Card sorting is a UX design technique in which a group of SMEs or users provide inputs, based on which, the information architecture is defined. It is also used to evaluate the information architecture. Typically, the participants are asked to organize a set of cards into categories that seem logical to them. Participants can also be asked to name these groups to create a Folksonomy (User defined Taxonomy).
Card sorting helps us understand users’ perception of the information space. It is a useful approach for designing Information Architecture, Workflows, and Menu structures. The objective is to identify and adopt a standardized taxonomy that can be applied to organize information and create a navigation structure that is obvious and natural to users. Card Sorting is usually performed while designing the navigation structure of a website or mobile app offering a variety of content and functions.
Knowing how users group the information can help in:
- Building the structure of the website or application
- Deciding what to put on the homepage
- Labelling categories and defining a syntax or taxonomy to maintain consistency
How is Card Sorting conducted?
Card Sorting can be conducted in a variety of circumstances – physical workshops, by e-mail, or using software.
The following is the basic process:
- Items to be categorized are printed on cards which are large enough, so that item names can be easily read when spread out on a desk or table.
- Participants are asked to group items in a way that makes sense to them. They may also be asked to label these groups.
- Once all the participants have completed the exercise, their data is collated for analysis.
- A general agreement about some items and their groupings will be fairly apparent.
- A dendogram (Category tree) / pictorial representation of the results can be generated through Cluster Analysis.
Benefits of Card Sorting
Card sorting is useful when:
- There is a huge variety of items that need to be organized
- There is no existing taxonomy for organizing items
- Items become difficult to group into categories due to their similarities
Types of Card Sorting
Open Card Sort
Participants are asked to organize items within a website or mobile app into categories as they see fit. Participants are then requested to label each category, with the label providing an idea of the content. An open card sort is useful when one wants to learn how the users group content and the terminology used.
Closed Card Sort
Participants are asked to organize items within a website or mobile app into pre-defined categories. A closed card sort, also called Reverse Card Sort, works best when we have a set of pre-defined categories. It is useful when one wants to learn how users group content.
At times, it may be useful to try combining both the techniques. For example, one can conduct an open card sort and identify categories, and then conduct a closed card sort to validate the category labels and groupings.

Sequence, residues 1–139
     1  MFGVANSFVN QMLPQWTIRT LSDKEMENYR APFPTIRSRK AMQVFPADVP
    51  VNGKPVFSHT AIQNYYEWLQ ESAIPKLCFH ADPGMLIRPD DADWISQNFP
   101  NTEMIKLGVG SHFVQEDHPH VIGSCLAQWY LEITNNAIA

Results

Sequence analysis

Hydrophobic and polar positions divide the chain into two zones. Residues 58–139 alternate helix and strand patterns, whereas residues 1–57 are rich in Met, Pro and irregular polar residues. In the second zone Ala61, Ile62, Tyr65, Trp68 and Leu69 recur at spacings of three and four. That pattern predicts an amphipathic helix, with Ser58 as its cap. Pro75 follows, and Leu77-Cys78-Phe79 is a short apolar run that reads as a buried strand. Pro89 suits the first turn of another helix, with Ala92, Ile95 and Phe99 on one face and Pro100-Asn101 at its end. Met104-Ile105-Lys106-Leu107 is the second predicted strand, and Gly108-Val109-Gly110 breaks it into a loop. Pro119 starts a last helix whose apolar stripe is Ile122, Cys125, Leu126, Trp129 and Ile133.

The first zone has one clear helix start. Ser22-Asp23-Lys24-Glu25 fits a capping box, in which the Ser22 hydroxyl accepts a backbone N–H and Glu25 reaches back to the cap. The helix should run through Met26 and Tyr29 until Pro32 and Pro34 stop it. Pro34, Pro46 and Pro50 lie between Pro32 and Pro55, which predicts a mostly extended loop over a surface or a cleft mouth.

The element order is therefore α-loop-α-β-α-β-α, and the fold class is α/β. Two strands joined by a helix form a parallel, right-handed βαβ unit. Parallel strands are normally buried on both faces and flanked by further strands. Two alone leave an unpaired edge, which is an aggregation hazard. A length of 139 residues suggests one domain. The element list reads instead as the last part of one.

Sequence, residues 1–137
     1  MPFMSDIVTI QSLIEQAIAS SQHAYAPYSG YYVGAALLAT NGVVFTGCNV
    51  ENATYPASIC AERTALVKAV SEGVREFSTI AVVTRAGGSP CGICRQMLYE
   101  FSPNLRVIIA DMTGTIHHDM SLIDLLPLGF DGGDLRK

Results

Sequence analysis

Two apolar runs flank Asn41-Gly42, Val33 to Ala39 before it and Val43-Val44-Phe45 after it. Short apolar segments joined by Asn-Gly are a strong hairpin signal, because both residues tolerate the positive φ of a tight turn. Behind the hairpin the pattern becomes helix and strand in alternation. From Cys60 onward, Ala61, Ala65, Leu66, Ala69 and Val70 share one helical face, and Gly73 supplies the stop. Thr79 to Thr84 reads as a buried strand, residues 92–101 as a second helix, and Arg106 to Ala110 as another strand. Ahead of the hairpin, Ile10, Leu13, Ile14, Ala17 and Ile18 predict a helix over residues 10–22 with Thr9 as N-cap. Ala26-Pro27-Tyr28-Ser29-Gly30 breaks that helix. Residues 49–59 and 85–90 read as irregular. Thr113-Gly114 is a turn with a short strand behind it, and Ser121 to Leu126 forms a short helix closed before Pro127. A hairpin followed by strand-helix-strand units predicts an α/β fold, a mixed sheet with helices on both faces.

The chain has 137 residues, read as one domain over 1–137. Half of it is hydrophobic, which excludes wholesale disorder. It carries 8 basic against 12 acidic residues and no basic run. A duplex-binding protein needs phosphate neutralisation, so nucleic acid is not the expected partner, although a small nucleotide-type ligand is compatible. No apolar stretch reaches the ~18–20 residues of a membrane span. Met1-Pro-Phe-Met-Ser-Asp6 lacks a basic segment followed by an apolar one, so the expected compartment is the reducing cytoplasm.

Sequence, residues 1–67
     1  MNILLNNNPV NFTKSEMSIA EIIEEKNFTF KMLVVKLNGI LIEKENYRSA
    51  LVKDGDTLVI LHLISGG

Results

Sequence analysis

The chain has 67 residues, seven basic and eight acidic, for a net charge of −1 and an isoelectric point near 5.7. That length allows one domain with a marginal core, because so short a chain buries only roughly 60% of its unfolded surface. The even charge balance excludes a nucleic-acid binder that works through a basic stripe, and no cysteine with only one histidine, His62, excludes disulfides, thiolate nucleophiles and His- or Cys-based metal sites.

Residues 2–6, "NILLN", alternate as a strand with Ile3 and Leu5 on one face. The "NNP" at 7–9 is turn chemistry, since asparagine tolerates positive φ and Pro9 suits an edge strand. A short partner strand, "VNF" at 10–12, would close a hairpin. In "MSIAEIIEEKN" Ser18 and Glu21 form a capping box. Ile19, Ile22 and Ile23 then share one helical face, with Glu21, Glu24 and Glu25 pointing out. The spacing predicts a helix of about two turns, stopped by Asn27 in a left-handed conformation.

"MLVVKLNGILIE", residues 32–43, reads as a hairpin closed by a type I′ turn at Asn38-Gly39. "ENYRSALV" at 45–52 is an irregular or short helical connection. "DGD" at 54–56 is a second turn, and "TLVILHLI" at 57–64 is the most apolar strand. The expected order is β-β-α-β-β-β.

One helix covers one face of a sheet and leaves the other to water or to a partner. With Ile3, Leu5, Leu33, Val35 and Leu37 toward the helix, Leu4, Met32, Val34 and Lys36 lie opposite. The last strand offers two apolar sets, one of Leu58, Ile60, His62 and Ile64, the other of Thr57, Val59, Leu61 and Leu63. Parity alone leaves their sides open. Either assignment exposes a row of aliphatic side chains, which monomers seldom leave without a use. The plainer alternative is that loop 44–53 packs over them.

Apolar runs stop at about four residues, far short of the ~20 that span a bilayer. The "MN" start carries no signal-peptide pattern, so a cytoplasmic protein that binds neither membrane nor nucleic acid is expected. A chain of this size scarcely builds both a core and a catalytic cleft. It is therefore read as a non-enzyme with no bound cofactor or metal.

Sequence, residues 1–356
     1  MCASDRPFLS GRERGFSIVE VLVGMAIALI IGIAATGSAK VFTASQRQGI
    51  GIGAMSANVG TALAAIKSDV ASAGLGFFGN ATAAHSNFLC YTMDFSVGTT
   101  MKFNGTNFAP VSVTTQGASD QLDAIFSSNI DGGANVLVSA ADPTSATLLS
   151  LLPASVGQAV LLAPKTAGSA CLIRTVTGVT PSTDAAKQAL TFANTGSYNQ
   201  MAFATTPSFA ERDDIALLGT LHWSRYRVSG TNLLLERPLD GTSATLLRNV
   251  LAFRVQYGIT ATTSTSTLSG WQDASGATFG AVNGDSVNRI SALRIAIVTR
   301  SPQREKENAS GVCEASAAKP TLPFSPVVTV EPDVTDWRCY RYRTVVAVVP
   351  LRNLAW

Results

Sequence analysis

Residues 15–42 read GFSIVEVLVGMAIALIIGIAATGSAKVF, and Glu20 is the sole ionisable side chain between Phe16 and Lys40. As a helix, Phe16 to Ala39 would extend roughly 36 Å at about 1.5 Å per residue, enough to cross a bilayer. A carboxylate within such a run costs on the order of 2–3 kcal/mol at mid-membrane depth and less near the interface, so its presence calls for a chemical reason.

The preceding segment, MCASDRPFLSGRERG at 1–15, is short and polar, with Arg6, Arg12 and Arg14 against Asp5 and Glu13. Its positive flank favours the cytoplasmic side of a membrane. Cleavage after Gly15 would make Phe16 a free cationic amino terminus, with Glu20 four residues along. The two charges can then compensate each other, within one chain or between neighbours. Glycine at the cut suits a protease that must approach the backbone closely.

Recently, we were working on a mobile app, where we followed a similar approach. We initially conducted an open card sort using Optimal Sort with a set of 30 items. We ended up having too many categories, which resulted in a scattered structure, making it difficult for us to identify the information grouping patterns.
In order to refine results, we then performed a closed card sort using Microsoft Excel (and an in-house template) with a refined set of 44 items and 9 pre-defined categories. Participants were also given an option to enter a custom category name, if they couldn’t associate an item with any of the pre-defined categories. The closed card sort results helped us identify information grouping patterns, using which, we defined the Information Architecture.
Card Sorting Tools
- xSort:http://xsortapp.com is a free card sorting application for Mac.
- Optimal Sorthttps://www.optimalworkshop.com/optimalsort is an online card sorting application useful for remote card sorting.
- UX Sort http://www.uxsort.com is a free card sorting application for Windows.
- Microsoft Excel Microsoft Excel can be used as a simple tool for card sorting and PowerPivot for visual representation of results.
Card Sorting: Physical v/s Software
The key advantage of physical card sorting is the personal touch. A lot of insights into the participants’ mental model can be gathered by observing them during physical card sort sessions. However, one of the biggest challenges of physical card sorting is its analysis. Conducting a physical card sorting session is simple but its analysis can be cumbersome and time-consuming. It is useful when conducted with a small group of participants with an information space that is not too large (<40 items).
Using software is more efficient to analyse and generate results. Almost all card-sorting software use cluster analysis and generate Dendograms. The software can be used for remote card sorting, which allows participants to take up the session as per their convenience. However, the software provides only statistical data without any insights into the users’ mental models. The software can be used when participants are spread across geographies or when the number of participants is large.
Interaction Design Foundation: https://www.interaction-design.org/literature/book/the-encyclopedia-of-human-computer-interaction-2nd-ed/card-sorting